Objective: To describe changes in antirheumatic medication use by patients with rheumatoid arthritis (RA) over the 15 years 1981 to 1996.
Methods: Medication use was ascertained every 6 months by mailed Health Assessment Questionnaire in a cohort of patients recruited from the local community (n = 305; mean duration of RA at study entry 14.2 yrs). Patients were treated by 53 rheumatologists and over 200 other physicians during the study. The proportions of patients treated with nonsteroidal antiinflammatory drugs (NSAID), disease modifying antirheumatic drugs (DMARD), prednisone, intraarticular corticosteroids, and analgesics were determined in serial cross sectional analyses, and trends in medication use over time were analyzed using linear regression.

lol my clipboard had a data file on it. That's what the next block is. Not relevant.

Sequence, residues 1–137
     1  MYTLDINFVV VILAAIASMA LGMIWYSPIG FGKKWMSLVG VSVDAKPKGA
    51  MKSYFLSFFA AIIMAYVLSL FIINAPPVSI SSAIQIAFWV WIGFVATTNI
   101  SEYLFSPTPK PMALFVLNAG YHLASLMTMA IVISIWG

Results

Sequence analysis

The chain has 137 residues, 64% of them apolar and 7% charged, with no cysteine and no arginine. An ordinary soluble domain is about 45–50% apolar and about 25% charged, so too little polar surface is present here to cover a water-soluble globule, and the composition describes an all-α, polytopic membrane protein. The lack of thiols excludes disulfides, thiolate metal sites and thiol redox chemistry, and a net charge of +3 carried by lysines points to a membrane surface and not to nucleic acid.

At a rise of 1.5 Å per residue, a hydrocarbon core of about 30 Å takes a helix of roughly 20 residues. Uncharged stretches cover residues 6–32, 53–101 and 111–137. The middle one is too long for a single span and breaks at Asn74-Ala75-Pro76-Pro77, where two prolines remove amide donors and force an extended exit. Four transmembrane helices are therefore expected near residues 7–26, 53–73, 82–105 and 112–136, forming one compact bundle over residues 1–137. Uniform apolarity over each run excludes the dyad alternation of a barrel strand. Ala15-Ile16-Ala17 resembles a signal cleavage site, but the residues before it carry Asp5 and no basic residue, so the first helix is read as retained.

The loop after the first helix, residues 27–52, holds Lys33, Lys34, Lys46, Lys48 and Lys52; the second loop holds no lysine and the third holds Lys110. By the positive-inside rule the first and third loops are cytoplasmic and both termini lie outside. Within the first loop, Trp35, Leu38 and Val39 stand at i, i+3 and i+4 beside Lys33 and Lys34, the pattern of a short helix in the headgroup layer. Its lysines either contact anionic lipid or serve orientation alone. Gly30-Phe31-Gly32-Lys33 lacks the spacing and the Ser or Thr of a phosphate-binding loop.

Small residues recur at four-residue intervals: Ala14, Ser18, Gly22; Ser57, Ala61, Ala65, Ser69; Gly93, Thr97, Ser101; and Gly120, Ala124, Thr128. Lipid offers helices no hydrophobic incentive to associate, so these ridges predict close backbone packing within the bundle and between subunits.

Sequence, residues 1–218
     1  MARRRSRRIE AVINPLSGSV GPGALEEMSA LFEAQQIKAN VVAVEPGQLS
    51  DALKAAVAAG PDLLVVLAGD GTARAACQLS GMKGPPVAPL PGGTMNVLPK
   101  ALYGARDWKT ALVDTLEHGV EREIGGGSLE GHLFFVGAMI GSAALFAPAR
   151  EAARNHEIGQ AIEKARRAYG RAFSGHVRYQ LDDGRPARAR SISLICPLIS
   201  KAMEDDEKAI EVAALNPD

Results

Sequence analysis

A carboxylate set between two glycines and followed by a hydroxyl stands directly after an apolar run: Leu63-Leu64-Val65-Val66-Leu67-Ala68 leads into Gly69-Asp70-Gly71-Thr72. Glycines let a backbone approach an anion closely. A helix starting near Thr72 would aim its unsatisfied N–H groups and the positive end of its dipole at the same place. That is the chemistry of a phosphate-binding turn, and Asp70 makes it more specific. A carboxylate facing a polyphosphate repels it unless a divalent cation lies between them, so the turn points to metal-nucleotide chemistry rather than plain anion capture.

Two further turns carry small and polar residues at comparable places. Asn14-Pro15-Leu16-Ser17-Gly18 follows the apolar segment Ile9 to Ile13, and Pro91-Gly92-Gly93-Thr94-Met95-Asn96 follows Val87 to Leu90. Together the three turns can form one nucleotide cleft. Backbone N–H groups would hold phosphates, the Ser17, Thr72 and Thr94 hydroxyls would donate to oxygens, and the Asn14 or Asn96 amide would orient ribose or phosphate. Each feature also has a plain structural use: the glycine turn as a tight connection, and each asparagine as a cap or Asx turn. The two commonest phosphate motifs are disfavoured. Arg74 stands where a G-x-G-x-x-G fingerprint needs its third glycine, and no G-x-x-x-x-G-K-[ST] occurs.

Results: From 1981 to 1996, the proportion of patients treated with DMARD increased from 32 to 47% (average increase 1.06% each year; p < 0.0001), while the proportion treated with NSAID decreased from 86 to 76% (average decrease 0.57% each year; p < 0.0001). The proportion of patients treated with prednisone remained between 30 and 40%, with a trend toward increasing use over time (average increase 0.2% each year; p = 0.05). In contrast, the proportion treated with intraarticular corticosteroids decreased from 14.4 to 6.7% (average decrease 0.46% each year; p < 0.0001). In 1996, the most prevalent patterns of medication use were the use of NSAID alone (24.4%), use of an NSAID and DMARD (16.3%), and use of an NSAID, DMARD, and prednisone (12.2%). Use of an NSAID as the only antirheumatic medication decreased over time, and the use of DMARD in combination with other medications increased.
Conclusion: The proportion of patients with RA treated with DMARD increased substantially from 1981 to 1996. This change in practice occurred during the time in which the concept of inverting the traditional therapeutic pyramid became popular, and may reflect a translation among clinicians of the philosophy of "early DMARD use" to "consistent DMARD use," even among patients with RA of moderate or longstanding duration.